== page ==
Bulimia nervosa is a common eating disorder. It is most common among young women, where 1-2% are affected. It is characterized by a craving for food, where you rapidly wolf down much more food than your body needs. People with bulimia sometimes cannot stop themselves from eating more and more. More or less successful methods are then used by the individual to prevent an increase in weight e.g.:
producing vomiting after compulsive eating
More about vomiting
- self-purging with laxatives or enemas Risks with self-purging. Laxatives and diuretics.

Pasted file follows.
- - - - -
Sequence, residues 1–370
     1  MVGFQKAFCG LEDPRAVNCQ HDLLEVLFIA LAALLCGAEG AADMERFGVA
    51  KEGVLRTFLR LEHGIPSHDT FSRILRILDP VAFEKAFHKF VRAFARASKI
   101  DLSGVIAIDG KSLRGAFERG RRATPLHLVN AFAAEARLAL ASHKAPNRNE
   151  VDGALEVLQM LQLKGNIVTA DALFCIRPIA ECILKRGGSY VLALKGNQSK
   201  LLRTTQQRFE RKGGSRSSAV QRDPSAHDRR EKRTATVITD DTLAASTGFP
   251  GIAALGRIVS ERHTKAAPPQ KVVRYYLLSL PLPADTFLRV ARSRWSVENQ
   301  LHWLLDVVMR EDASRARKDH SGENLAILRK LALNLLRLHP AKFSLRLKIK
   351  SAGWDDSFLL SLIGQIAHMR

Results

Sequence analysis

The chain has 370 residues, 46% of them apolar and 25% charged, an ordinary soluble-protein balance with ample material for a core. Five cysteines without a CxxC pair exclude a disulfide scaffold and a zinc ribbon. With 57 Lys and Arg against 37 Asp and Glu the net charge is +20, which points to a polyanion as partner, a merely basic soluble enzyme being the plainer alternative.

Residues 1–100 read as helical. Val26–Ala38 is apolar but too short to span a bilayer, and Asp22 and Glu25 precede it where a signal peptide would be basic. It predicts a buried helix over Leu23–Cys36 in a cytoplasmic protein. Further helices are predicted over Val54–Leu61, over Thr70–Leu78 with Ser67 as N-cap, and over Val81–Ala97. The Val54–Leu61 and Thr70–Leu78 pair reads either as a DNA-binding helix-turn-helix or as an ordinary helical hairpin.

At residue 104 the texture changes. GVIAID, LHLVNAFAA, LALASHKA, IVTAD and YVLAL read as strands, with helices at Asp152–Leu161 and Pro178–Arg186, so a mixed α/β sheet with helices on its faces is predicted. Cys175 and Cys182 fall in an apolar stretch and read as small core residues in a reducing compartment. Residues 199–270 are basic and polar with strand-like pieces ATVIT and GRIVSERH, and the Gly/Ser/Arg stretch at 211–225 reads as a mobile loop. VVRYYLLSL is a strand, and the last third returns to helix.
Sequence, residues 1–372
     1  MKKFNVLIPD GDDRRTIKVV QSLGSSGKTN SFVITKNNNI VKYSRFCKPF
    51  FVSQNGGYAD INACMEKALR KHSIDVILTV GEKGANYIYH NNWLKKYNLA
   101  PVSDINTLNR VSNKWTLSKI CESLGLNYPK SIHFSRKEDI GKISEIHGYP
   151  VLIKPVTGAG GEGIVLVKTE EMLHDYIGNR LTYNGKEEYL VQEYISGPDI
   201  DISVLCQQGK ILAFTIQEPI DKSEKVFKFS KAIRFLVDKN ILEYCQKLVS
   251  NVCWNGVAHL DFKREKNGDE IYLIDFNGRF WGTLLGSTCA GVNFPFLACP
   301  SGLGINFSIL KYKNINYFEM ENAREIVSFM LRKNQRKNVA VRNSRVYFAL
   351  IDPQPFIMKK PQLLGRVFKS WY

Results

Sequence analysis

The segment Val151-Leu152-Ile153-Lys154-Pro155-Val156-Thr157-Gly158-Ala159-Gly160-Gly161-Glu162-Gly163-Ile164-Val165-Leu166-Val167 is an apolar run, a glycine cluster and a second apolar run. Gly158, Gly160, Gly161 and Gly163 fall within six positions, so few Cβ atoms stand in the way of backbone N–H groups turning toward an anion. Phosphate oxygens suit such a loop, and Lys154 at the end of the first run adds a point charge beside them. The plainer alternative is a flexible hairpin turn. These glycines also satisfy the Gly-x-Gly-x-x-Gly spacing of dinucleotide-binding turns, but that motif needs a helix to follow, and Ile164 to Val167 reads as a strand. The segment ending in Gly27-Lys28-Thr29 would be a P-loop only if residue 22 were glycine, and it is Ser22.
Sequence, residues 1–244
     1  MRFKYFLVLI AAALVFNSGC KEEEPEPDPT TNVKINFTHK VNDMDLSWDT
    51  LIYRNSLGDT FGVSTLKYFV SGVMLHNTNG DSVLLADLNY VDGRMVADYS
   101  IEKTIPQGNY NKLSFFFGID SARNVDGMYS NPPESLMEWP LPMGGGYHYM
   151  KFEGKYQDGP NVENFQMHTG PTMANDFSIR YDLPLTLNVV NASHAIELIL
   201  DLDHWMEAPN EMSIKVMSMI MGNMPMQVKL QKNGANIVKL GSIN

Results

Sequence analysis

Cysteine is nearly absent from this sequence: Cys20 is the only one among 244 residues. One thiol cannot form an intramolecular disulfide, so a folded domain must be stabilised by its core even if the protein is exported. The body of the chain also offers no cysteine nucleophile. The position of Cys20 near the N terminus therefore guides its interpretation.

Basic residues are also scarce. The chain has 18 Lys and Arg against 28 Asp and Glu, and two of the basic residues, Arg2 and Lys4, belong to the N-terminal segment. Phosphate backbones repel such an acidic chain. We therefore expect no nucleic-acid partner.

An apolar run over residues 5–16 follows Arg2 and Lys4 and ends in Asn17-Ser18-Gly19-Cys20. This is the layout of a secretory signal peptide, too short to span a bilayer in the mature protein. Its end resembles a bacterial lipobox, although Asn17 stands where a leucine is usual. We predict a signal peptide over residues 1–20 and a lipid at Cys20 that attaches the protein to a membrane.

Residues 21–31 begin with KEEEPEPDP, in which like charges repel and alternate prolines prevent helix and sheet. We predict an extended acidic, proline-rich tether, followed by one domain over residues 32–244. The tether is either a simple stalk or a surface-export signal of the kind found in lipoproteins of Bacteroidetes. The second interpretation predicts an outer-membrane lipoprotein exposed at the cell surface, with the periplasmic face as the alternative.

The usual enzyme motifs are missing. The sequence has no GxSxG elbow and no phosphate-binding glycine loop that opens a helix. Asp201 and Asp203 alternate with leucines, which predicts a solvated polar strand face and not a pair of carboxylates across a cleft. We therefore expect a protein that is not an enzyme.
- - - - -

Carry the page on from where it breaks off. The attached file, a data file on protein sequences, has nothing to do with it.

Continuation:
- starving ( more ) or fasting after compulsive eating or
- excessive physical exercise More about excessive exercise. More about exercise.
Bulimics are frequently able to maintain normal weight or slightly less than normal weight despite their eating disorder, but there are also those with drastic swings in weight. Bulimics usually alternate between compulsive eating and periods of getting rid of the food and fat using different methods.
The fasting or vomiting usually ends with renewed hunger, causing a new period of frenzied eating.
People with Bulimia often feel that they are unable to control their own eating.
People who have these symptoms, but weigh much less than normal, are usually classified as suffering from anorexia, or bulimic anorexia, not bulimia.